Reasonable Accommodations: a Business Necessity

As our population ages and older workers begin to deal with health issues that may make them more prone to being hurt on the job, employers are finding themselves faced with an increased need to accommodate injured workers. It’s not a matter of doing the right thing, it’s the law. Not a choice but a business necessity.

The Americans with Disabilities Act (ADA) applies to employers with more than 15 employees. It places a great deal of responsibility on the employer to accommodate applicants and workers with conditions that limit their ability to perform essential job functions unless doing so would create an “undue hardship” for the business entity. Generally, the larger an organization and the deeper its resources, the more difficult it is for a company to claim that a requested accommodation creates a hardship.

Just about any condition that substantially limits a life activity now protects an employee under the ADA. It affects hiring practices – the ADA now impacts employers in both their hiring and employment practices – but also defines how an organization manages its employees injured at work.

Sometimes employers refuse to accommodate an injured worker’s return to a modified position, demanding the worker wait until all their duties can be performed. This approach is no longer acceptable under the amended ADA and can generate intervention and fines by the Equal Employment Opportunity Commission (EEOC), the agency that oversees ADA violations. Employment actions taken by employees or the EEOC are expensive to defend and are not covered under an organization’s general liability coverage.

The EEOC is diligent in its pursuit of disabled workers rights. As recently as December 2012, the EEOC filed a lawsuit alleging a woman was wrongfully fired because she had a prosthetic leg. The case is currently in the courts.

It is now a business necessity to make reasonable accommodations, defined in the ADA as follows: “In general, an accommodation is any change in the work environment or in the way things are customarily done that enables an individual with a disability to enjoy equal employment opportunities.”

Here is a partial list of some accommodations you can make to ensure injured workers return to productivity and you do not violate the ADA.

  • Modifications to the work environment like purchasing ergonomic equipment or rearranging how and when the job is performed. For example, you may change work hours to allow an employee who is on medication to arrive later.
  • Providing access to your facility so that someone with a disability may apply for a position.
  • Providing the employee with readers or interpreters.
  • Job restructuring or reassignment.
  • Allowing an employee to work from home when feasible.

In March 2012, the federal government introduced updates to the ADA that included changes to further remove barriers and that may affect employers planning new construction in 2013 and on.

Note that this is a very basic discussion of the ADA and its updates. For specific advice, contact your employment lawyer or other ADA expert.

Don’t Gamble by Underinsuring your Business Properties

This may not be on your radar, but underinsuring your property could result in serious problems for your business.

Insurance companies base premiums on an amount of insurance that is 80% to 100% of your property’s total value. This is referred to as “insurance to value,” and insurance underwriters are concerned that you may be underrating the value of your property to keep premiums low or are unaware that property improvements and the state of the real estate market have increased the value of your building. In these instances you may be underinsured.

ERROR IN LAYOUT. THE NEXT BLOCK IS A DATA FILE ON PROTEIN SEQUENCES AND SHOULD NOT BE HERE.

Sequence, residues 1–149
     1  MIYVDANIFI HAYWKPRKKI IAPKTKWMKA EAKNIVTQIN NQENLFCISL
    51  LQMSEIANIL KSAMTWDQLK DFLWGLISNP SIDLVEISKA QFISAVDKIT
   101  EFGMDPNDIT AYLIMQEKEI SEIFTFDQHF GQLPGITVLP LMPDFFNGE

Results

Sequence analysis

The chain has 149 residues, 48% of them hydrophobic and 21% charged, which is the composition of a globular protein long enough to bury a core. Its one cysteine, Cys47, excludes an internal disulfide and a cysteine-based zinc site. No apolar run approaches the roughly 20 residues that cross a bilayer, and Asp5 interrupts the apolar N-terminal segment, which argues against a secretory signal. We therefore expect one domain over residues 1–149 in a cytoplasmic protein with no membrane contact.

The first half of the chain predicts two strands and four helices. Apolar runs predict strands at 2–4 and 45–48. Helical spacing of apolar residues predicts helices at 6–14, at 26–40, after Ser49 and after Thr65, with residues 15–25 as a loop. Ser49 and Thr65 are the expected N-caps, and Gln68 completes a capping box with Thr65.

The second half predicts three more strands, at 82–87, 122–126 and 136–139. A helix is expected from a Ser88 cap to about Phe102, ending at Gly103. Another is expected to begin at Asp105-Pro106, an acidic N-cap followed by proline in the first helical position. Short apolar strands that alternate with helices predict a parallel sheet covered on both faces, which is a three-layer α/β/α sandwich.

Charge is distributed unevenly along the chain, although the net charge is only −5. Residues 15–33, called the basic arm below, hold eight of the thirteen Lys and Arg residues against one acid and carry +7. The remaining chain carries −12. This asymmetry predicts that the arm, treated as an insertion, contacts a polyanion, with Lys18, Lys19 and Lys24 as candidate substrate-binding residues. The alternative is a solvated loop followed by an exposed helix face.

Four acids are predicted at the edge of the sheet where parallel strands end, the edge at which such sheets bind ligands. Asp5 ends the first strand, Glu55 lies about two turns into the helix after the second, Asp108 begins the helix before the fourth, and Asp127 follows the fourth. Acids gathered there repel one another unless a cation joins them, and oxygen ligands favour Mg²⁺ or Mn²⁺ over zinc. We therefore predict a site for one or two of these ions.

Some people gamble they won’t suffer a large loss. Because most losses are partial, you would normally recover in full on most of your losses. However, if insurers set your rates assuming they are based on insurance to value, they might not collect sufficient premiums. So in the event of a large or total loss, you won’t have been adequately insured.

The “coinsurance condition” addresses this issue. You must agree to carry insurance at least equal to a specified percentage of your covered property’s value. The coinsurance percentage normally used is 80%, although percentages of 90% and 100% are sometimes available for a reduced premium.

The coinsurance condition penalizes you if you do not insure to at least an agreed-upon percentage of value. If you have a loss and are underinsured, insurers reduce payment on your losses based on the actual building’s insurance to value.

Don’t gamble. Discuss your current insurance to value with your insurance professional.

RVing This Spring? Review Your RV Insurance Now

Increasing numbers of Americans are setting out to see their country in recreational vehicles (RVs). Just as RVs demand special handling, RV owners have special insurance needs. Whether you are an experienced RV owner or are just beginning to shop for your RV, consider these insurance options to protect your family and your investment.

  • Buying a new RV is expensive, and once you drive it off the lot, it depreciates. Some carriers offer additional upgraded protection with Total Loss Replacement coverage that will provide a new RV if your newer-model RV is totaled.
  • Everyone wants an event-free trip, but breakdowns can strand you in out-of-the-way places. You may want to investigate 24/7 Roadside Assistance for towing, lockout protection, battery replacement, flat tire repair, fuel delivery, and removal from mud, snow or sand.
  • Vehicle add-ons need special insurance protection. Antennas, satellite dishes and other post-purchase additions can be expensive to replace. Accessories coverage protects your add-ons, and additional coverage is available for awnings and other extras.
  • Some travelers decide to live in their RVs full time. However, they still need liability coverage. Imagine if your on-board canine companion bites someone or someone falls near your RV. Full-Timer coverage can help you protect your assets while enjoying a traveling lifestyle.

RVs Good Sam Club has a million-plus members, so RVing is clearly a lifestyle choice for many. Do it safely; discuss insurance options with your insurance professional for the RV coverage that’s right for you.

Shopping Online for Car Insurance? Read this First

Every day we’re bombarded with advertising for auto insurance. According to a recent U.S. survey, car insurers alone spent $5.3 billion on advertising in 2011 – an increase of 15% over 2010.

Why? The industry is changing. Vehicle registrations are down, and most North Americans now keep their cars longer due to the economy. Many are even dropping physical damage coverage. And insurance companies are feeling the pinch.